These are only built from within. What is it that is so withered within us that we would despise those who rise?
My flight instructor from the Army said once, “Show me the guy who climbed Everest and never told anyone.” There’s a lot to be said about that. However, that said, there’s also this: I drink deeply from the well of other’s successes. I get it that this isn’t common. However, Jessica, the simple truth is that every man or woman who takes a step into the beyond and comes back transformed, every person who succeeds in some way by the very fact of their humanity gives me permission to do the same.
Just yesterday, a lifetime friend, a woman with whom I share an enormous amount of history called, and we talked for an hour. We were in Officer’s Candidate School. Over the years, she rose to become an Under Secretary of Defense. Advised top Administration officials. Made SCADS of money. Has SCADS of toys. Has what I don’t have: financial options, a love in her life, I could go on. And yet. That friend inspires the hell out of me. I have no desire to have what she has- it wasn’t my life. She still envies me my tiny waist. I love that she has had this life, with multiple houses, a job with a $13b company. Her success says nothing whatsoever about me except that in many ways, she has a lot to teach me. By the same token, the way I have lived my life has a lot to teach her. Every time we talk, we exchange those gifts. We both have paid high prices to have what we have and to live the way we do. To feel jealousy, to attack each other would be an insult to the extraordinary life-long friendship we have. And it would diminish us both.
When she shouts from the summit (which she doesn’t, she just catches me up) it gives me thrills. Just as when I tell her that I climbed Mt. Kenya at 65, it does the same for her. What we do apart from each other raises both of us.
To me, Jessica, in so many ways, one of the great statements about our potential is how well we can embrace that which makes others exceptional. They are me and I am them. We are one body, one species, one human being. While that’s a tall order to be able to operate from that zone, it frees me from the pettiness that infects the mob.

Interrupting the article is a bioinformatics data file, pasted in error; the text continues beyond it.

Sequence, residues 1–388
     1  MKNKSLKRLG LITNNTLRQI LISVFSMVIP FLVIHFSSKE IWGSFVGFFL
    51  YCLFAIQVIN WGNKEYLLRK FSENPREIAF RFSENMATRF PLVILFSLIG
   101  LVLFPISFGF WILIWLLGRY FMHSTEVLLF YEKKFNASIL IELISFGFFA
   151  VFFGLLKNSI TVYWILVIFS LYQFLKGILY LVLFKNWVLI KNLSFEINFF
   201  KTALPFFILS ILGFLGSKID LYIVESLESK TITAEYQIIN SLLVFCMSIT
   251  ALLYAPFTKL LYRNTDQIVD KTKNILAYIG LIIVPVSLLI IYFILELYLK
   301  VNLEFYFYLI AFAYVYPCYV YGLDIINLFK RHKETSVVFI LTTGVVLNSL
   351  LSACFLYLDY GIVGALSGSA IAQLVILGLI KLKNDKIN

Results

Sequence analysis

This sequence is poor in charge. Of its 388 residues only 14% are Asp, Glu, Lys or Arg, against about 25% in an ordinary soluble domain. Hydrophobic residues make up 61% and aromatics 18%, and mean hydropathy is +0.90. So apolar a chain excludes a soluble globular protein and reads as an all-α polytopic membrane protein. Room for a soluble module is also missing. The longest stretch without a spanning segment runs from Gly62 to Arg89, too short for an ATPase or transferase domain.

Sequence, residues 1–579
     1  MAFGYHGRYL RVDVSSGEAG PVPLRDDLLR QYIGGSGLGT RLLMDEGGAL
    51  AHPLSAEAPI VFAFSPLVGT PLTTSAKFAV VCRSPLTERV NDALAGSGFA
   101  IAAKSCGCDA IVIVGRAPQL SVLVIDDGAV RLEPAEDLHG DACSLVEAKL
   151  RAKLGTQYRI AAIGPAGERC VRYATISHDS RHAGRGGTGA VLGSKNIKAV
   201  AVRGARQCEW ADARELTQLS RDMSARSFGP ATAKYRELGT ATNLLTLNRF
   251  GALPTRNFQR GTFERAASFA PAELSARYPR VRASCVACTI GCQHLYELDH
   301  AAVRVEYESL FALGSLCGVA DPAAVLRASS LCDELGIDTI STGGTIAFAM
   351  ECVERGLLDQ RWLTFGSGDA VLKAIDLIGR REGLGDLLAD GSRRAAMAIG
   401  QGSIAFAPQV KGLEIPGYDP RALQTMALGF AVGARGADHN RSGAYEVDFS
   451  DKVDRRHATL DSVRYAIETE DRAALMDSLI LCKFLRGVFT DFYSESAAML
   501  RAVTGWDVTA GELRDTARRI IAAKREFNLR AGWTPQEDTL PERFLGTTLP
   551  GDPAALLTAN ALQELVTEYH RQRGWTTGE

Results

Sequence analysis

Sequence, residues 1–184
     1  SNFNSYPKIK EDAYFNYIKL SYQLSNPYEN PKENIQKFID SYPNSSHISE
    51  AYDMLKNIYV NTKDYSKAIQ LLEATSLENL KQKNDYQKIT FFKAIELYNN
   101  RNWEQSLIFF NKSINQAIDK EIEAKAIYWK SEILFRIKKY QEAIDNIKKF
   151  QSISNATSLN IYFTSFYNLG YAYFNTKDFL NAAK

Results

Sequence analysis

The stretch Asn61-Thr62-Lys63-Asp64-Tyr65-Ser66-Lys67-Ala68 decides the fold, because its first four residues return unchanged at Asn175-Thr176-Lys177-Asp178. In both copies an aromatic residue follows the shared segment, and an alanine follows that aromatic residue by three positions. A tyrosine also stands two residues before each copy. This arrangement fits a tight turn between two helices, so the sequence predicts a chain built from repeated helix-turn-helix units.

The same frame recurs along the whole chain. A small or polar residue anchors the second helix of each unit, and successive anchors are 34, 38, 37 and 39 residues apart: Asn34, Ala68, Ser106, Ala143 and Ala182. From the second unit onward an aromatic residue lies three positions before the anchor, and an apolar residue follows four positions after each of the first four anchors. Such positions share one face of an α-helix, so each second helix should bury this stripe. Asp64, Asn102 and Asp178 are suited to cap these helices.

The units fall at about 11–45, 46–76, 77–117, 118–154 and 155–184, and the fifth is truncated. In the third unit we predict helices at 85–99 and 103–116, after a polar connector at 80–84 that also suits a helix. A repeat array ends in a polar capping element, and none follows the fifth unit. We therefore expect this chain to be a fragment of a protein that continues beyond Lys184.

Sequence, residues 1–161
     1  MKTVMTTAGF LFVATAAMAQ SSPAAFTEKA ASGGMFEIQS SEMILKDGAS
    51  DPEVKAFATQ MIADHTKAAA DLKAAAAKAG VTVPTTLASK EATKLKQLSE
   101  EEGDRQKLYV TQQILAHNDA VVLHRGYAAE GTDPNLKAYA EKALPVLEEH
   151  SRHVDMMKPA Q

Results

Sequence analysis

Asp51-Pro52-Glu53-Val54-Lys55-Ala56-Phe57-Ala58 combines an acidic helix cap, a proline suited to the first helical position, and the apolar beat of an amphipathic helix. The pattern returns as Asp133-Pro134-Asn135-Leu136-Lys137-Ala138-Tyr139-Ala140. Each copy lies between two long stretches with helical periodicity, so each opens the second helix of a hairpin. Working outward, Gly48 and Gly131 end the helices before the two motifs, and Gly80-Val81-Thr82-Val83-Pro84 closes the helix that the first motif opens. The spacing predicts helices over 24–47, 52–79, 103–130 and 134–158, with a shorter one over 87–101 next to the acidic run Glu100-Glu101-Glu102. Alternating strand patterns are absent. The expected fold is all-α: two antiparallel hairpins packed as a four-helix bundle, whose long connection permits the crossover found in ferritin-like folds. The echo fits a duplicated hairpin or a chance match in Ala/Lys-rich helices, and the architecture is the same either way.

In an interesting bit of reading that is in one of my favorite books, it states that we are “obliged to eat and be eaten.” This at its highest level speaks to how we allow ourselves to be consumed by lower forces (ugliness, hate, envy, greed, jealousy)which eat us like a cancer from the inside out. Or, we can choose to give ourselves up for consumption to higher forces, which means that we admire, celebrate, are grateful for, humbled by not only our life but that of others. I love this concept because it offers a clear choice. One way is madness. The other, we all rise.
Not an easy choice. However it speaks directly to the quality of our inner lives.
This same line of work, if you will, advises something very similar to what you say here. When you have achieved something, you’re allowed one pat on the back. One. Then get on with it. Because you and I have to ask what’s the motivation behind bragging, if that’s what we’re doing. If so, then we are so insecure, so desperate for validation, that we wave the flags of our supposed greatness in such a way that we intend to lord it over others. That’s one way of looking at it. Another is if my buddy simply tells me that she’s snagged this extraordinary job because she wants me to know about her life, and I fucking hate her for it. That has nothing to do with her. That’s my venomous self-loathing and insecurity. That’s not her problem. That’s mine.
All of this is damned hard personal work. Much if it is no fun. In this selfie-obsessed society we seem to be backsliding into the swamps of self hate driven by constant comparison to Instagram lies. Truth is, we’re all sacred. Truth is we’re all enough. Truth is every success touches who we are. Whether we can see that is a whole other ballgame.
Thanks for another great article.